An Apology

An Apology

My apologies to those who were expecting to hear today’s Mission Unstoppable interview with filmmaker Assia Boundaoui about her new film, “The Feeling of Being Watched.” Due to an unexpected scheduling conflict, show host Frankie Picasso and yours truly were unable to bring this important broadcast to listeners today. We hope to reschedule for a new date in the future. Please stay tuned for details ...
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Check out The Cinema Scribe

Check out The Cinema Scribe

Tune in for the latest Cinema Scribe segment on Bring Me 2 Life Radio, today, October 15, at 2 pm ET, by clicking here. And, if you don’t hear it live, catch it later on demand! ...
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Tune in for Mission Unstoppable

Tune in for Mission Unstoppable

Those who naively cling to the idea that government abuses of power, particularly when it comes to racial, social or ethnic profiling, can’t happen here need to rethink those notions. To find out more, tune in for a special edition of Mission Unstoppable on Tuesday October 15 at 1:40 pm ET, when host Frankie Picasso and yours truly will interview journalist and filmmaker Assia Boundaoui about her stunning new production, “The Feeling of Being Watched.” The film, which has been playing in limited theatrical engagements and in special screenings at film festivals and community centers, will air Monday October 14 on the PBS series POV and will thereafter be available for streaming on the POV web site. For more about the film, click here. For the video version of the broadcast, tune in to Facebook Live at 1:40 pm ET by clicking here. And, for the audio-only version, available after the live broadcast, visit the Mission Unstoppable page on The Good Media Network web site by clicking here. Don’t miss this informative and provocative interview about what went on and what we can do to fight back ...
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This Week in Movies with Meaning

This Week in Movies with Meaning

Reviews of “Judy” and “Joker,” as well as a broadcast preview, are all in the latest Movies with Meaning post on the web site of The Good Media Network, available by clicking here.  ...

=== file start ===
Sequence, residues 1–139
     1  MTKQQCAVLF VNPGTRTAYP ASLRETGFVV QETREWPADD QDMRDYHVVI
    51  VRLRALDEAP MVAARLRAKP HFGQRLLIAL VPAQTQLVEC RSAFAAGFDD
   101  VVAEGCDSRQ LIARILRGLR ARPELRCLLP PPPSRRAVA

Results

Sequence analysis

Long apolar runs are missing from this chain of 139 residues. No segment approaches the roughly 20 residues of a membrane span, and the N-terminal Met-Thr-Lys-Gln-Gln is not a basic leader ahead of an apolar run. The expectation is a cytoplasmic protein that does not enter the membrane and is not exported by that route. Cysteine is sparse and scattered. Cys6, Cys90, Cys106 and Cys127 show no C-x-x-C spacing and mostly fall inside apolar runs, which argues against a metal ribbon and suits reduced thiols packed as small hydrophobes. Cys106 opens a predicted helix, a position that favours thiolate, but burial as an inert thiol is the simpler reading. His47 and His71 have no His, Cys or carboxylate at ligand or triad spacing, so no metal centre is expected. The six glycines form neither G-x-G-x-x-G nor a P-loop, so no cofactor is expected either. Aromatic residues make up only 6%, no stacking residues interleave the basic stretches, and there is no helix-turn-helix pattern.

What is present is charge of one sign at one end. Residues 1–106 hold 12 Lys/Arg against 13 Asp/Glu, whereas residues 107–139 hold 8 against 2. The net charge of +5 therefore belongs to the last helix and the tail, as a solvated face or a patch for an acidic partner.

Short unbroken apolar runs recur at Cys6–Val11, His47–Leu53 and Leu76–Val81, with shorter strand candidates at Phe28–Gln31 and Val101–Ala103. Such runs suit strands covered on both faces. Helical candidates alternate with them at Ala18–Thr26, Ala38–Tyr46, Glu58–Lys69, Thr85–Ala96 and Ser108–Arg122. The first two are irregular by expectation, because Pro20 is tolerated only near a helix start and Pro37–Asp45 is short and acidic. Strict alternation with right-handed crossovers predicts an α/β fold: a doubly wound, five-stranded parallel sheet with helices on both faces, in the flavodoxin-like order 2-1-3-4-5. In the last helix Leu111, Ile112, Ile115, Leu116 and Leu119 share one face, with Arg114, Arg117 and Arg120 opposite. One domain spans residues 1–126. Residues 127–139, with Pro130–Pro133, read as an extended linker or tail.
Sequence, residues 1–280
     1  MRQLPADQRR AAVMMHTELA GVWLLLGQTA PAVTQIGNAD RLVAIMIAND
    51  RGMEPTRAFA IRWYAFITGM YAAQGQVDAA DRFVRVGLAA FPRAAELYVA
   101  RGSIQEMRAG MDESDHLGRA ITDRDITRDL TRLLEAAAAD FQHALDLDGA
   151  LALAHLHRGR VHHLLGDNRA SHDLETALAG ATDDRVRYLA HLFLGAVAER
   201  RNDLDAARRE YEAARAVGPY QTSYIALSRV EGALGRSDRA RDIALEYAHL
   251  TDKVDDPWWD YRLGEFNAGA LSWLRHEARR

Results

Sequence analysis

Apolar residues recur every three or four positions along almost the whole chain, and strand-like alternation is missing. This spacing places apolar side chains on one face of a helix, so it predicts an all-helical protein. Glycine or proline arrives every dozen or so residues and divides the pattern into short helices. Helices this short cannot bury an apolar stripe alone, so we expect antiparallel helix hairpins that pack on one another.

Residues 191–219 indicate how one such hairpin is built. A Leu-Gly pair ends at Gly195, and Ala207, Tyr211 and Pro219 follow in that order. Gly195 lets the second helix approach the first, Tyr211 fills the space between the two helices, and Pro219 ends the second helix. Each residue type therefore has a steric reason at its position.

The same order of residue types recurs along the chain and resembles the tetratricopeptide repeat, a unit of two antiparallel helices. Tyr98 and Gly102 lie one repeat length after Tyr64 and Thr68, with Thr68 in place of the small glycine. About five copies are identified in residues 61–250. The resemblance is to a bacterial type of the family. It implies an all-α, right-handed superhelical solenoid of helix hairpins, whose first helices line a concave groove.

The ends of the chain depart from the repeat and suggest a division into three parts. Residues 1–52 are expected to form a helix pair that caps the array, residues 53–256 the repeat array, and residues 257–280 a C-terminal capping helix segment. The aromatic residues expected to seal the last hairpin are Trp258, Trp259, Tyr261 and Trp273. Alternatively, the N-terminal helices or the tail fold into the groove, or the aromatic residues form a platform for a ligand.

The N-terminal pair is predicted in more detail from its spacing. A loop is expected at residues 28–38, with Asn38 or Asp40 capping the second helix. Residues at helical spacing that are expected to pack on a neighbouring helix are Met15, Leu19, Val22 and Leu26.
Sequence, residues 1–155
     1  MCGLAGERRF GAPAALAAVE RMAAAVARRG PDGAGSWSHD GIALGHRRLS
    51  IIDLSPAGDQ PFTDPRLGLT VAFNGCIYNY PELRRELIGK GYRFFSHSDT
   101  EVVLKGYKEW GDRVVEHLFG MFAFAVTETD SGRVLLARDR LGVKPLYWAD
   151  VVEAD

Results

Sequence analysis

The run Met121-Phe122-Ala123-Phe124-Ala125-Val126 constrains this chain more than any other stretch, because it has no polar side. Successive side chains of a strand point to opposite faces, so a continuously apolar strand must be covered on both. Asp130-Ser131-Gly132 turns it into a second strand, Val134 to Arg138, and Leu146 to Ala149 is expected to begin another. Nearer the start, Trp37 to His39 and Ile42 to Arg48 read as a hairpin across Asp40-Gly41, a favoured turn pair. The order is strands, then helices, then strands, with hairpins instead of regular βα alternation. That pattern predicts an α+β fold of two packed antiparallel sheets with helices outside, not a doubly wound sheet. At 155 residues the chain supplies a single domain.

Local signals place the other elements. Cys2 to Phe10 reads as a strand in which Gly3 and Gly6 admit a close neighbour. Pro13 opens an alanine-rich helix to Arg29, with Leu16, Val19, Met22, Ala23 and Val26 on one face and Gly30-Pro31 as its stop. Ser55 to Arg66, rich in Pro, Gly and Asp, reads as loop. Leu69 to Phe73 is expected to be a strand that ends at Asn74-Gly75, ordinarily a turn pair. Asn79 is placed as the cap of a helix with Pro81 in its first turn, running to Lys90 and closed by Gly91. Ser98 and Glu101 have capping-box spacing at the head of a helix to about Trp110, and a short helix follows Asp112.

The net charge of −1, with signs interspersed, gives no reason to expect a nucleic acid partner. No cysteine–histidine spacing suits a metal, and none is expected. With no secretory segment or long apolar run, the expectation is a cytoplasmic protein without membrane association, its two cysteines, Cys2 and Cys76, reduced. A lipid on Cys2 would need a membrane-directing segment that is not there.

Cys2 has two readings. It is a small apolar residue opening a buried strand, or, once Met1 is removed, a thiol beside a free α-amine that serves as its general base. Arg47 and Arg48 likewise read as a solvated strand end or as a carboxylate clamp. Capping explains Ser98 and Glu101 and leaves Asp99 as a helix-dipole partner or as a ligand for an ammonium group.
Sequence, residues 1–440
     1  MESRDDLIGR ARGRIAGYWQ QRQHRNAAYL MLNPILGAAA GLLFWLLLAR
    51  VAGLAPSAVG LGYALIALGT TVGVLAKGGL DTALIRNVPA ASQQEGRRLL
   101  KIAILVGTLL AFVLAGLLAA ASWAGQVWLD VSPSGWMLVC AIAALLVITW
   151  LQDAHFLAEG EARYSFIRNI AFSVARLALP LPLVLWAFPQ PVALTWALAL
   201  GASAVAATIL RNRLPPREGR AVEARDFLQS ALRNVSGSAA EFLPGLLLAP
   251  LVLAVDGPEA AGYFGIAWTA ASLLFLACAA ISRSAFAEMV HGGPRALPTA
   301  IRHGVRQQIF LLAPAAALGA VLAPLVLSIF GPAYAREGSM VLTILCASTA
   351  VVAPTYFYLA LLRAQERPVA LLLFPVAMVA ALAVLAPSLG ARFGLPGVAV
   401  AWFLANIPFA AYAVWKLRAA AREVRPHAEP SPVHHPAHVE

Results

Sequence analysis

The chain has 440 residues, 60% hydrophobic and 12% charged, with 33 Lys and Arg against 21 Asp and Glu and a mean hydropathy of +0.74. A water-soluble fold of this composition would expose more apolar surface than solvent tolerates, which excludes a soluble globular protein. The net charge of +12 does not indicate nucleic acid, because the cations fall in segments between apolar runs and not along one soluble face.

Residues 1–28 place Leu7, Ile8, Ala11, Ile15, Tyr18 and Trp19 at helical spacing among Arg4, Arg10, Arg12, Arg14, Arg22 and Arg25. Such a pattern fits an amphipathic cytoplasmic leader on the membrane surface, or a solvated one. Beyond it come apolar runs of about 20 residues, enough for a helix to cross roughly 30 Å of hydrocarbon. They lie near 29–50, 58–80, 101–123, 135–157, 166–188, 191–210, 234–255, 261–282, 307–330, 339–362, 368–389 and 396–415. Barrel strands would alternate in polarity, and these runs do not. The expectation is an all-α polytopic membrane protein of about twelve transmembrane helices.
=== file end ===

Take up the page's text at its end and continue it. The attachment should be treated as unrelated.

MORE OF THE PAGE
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‘Joker’ gives us much to contemplate 

‘Joker’ gives us much to contemplate 

“Joker” (2019). Cast: Joaquin Phoenix, Robert De Niro, Frances Conroy, Zazie Beetz, Brett Cullen, Shea Whigham, Bill Camp, Glenn Fleshler, Leigh Gill, Josh Pais, Douglas Hodge, Dante Pereira-Olson, Carrie Lauren Putrello, Sharon Washington, Hannah Gross, Brian Tyree Henry, Frank Wood, Carl Lundstedt, Michael Benz, Ben Warheit. Director: Todd Phillips. Screenplay: Todd Phillips and Scott Silver. Web site. Trailer. It’s a rare feat when a film covers so much ground that it gives us a lot to take in and assess. In doing so, such stories may well make us feel more than a little uncomfortable (and rightfully so) as they prompt us to take a hard look at what we’re experiencing and how it came about. They may even push us toward taking action at changing what’s going on, even if they make us squirm a bit as we move toward such a decision. So it is with the controversial new fantasy tale, “Joker.” Arthur Fleck (Joaquin Phoenix) has his share of issues. The psychologically challenged Gotham City resident struggles to hold it together with the aid of a cocktail of prescription meds and the regular, but largely indifferent, counseling of a public aid social worker (Sharon Washington). He ekes ...
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‘Judy’ profiles a fighter in search of a comeback 

‘Judy’ profiles a fighter in search of a comeback 

“Judy” (2019). Cast: Renée Zellweger, Jessie Buckley, Finn Wittrock, Rufus Sewell, Michael Gambon, Darci Shaw, Bella Ramsey, Lewin Lloyd, Gemma-Leah Devereux, Royce Pierreson, Richard Cordery, Andy Nyman, Daniel Corqueira, John Dagleish, Adrian Lukis, Tom Durant Pritchard, Gus Barry, Jodie McNee, Ed Stoppard. Director: Rupert Goold. Screenplay: Tom Edge. Play: Peter Quilter, End of the Rainbow. Web site. Trailer. Everybody loves someone trying to make a comeback, especially when it’s a beloved entertainer. Audiences appreciate the effort, particularly when the talent is genuine and heartfelt. But launching a personal renaissance can be challenging if it’s burdened by baggage from the past, a bittersweet saga detailed in the new, fact-based biopic, “Judy.” In winter 1968, singer-actress Judy Garland (Renée Zellweger) had fallen on hard times. The inimitable entertainer, who had made a name for herself as an adolescent (Darci Shaw) as the legendary Dorothy Gale in “The Wizard of Oz” (1939) and as the sidekick of Mickey Rooney (Gus Barry) in several of the Andy Hardy movies (1938, 1940, 1941), was experiencing difficulties in both her professional and personal lives. She was having trouble getting auditions, finding a manager and earning a living. That, in turn, led to problems at home, making ...
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